The students at the University of Missouri in Columbia have reached their limits.
University administrators have decided to restrict students’ personal purchases using their university accounts. The restrictions go into effect Aug.1
At the university, students can use their Mizzou TigerCard ID to make what’s called a “student charge” to pay for various items or services.
They can use their student charge at, among other locations, the Mizzou Store, at Campus Dining Services and at the MizzouRec, the campus recreation center and gym. They can buy new clothes from the Mizzou Store, grab some sushi from the Student Center or get a massage in the MizzouRec spa.
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The university has found, however, that the student charge has allowed too many students to spend money they didn’t have and go into debt.
If the balance of a student charge is not paid on time, a hold can be placed on a student’s account. That can eventually lead to a student being unable to re-enroll the following semester. The university says that financial problems are a big reason students who are academically eligible don’t return to Mizzou.
The student charges are capped at $1,250 per student per semester, and that cap will remain. The main effect of the new limit will be to restrict what students can buy. They will no longer be able to use their student charge payments for non-educational items.
The Mizzou Store will restrict purchases to textbooks and academic materials. Students will be unable to charge clothing, food, cosmetics or personal hygiene items to their accounts.
Students can no longer student charge services at the MizzouRec or use that form of payment at Campus Dining Services locations.
“Goodbye to the days I would student charge spray tans, food and clothes, meanwhile, having my mom think it was ‘books.’ Thanks, @Mizzou,” junior Madison Pfleiderer wrote on Twitter.
The Missouri Students Association Senate issued a Twitter poll June 22 asking students if they supported the decision to limit the student charge. With 499 participants, 80 percent voted no.
“Initially I was bummed out, kind of at the fact that there was no more of me just going to the Student Center and grabbing a smoothie or something, but although it was a bummer for me, I knew it was kind of what Mizzou needed,” said Annie Merrill, a junior at the university.
“I think that they could have maybe taken a different approach to it, maybe set better limits. I know that my parents set limits for me personally, but there was never a way for Mizzou to set limits with certain people.”
Jim Spain, the university’s vice provost of undergraduate studies, said that after analyzing data on student debt and the excessive use of student charge, this is the university’s way to help combat debt and encourage students to properly manage their finances.
“This effort is all directed toward helping support students in their pursuit of making good progress in completing their academic program and successfully graduating from MU,” Spain said. “This is not intended to be punitive, and that’s why making sure that students have other options and being able to cover other expenses associated with being a student at MU are still in place.”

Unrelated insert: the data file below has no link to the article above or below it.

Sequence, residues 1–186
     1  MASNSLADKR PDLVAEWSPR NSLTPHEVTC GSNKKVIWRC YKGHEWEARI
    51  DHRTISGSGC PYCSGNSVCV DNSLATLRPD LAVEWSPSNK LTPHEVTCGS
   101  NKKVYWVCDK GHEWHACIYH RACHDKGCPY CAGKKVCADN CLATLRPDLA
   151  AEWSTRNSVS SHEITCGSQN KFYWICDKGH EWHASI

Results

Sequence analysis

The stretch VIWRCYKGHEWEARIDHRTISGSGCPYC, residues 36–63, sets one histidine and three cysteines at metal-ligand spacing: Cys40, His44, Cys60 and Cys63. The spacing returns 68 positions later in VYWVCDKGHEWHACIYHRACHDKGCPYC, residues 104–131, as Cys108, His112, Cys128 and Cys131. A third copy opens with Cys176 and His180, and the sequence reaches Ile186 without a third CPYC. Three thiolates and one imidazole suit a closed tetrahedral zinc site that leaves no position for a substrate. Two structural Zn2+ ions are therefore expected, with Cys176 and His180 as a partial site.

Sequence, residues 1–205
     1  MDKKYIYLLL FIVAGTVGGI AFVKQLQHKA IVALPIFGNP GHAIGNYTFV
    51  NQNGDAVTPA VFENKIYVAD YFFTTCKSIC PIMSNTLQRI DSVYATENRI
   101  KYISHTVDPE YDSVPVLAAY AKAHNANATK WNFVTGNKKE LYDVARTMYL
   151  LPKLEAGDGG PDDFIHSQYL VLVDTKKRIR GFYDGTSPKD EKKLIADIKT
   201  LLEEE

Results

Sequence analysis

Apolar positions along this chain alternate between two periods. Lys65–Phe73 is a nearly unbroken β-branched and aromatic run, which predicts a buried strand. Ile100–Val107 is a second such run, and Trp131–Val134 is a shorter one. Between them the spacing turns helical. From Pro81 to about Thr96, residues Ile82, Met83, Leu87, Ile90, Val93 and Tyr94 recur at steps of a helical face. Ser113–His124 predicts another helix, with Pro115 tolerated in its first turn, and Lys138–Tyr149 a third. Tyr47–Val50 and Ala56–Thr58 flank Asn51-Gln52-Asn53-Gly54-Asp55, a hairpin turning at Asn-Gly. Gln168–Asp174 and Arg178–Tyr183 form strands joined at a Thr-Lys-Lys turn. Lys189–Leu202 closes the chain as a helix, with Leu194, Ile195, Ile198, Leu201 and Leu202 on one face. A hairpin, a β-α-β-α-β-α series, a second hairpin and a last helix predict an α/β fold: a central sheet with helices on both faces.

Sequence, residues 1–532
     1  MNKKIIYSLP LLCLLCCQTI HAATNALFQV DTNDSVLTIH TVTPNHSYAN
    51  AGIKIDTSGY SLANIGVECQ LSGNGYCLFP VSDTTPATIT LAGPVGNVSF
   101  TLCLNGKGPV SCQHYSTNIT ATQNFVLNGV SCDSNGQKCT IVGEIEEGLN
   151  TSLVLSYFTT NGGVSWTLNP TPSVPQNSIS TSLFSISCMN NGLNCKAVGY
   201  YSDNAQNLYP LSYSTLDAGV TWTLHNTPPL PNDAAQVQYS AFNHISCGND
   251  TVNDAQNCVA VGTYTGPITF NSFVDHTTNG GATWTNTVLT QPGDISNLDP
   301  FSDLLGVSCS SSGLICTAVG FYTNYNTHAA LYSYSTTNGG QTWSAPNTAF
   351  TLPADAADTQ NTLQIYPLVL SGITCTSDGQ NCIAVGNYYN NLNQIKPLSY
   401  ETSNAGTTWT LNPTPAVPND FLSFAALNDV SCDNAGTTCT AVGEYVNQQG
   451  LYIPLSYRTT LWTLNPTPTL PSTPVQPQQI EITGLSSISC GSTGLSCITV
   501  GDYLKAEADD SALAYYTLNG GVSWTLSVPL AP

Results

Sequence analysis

The university will be promoting its other payment form, E.Z. Charge, which is a prepaid option applied to an account that students can access with their Mizzou TigerCard ID. Unlike student charge, students cannot exceed a selected balance.
Student charge is not a form of payment for other colleges in the region. Instead they use prepaid options similar to E.Z. Charge, like the University of Kansas’ Beak ‘Em Bucks and Kansas State University’s Cat Cash.
Campus Dining Services, the MizzouRec and the Mizzou Store are the only locations that have placed restrictions on student charge beginning Aug. 1.
But a working group of Mizzou administrators and staff along with a Mizzou student representative in the upcoming school year will be sifting through 150 other campus locations to eliminate purchases that are not academic related.
“Ultimately, why is Mizzou here? To provide us with education,” Missouri Students Association president Nathan Willett said. “Anything that doesn’t really add to that educational value, you know, that’s where they’re coming from. “
The university will promote its free resources for those who used student charge but won’t be able to cover certain costs once the restrictions on purchases begin. For example, Tiger Pantry provides free food for students and faculty.
The university is also encouraging faculty to use resources in the public domain to create free materials so students won’t necessarily have to purchase books for every class.
Christian Basi, director of the university’s news bureau, said the university is trying to ease student finances so they can get off to a good start once they graduate.
“A student who is not burdened with debt contributes more to the economy and is likely to be less stressed than those who do,” he said.
While the university is trying help students financially, it’s being forced to make some budget cuts themselves. The Mizzou Store is a big attraction for generating revenue for the school, and the restrictions could erode profits.
“This is not in response to our budget situation. This is in response to doing the very best we can for our students,” Spain said. “In some ways, it might very well diminish the income to the Mizzou Store, but if that allows us to help students be more successful at Mizzou, that’s an expense we are willing to incur.”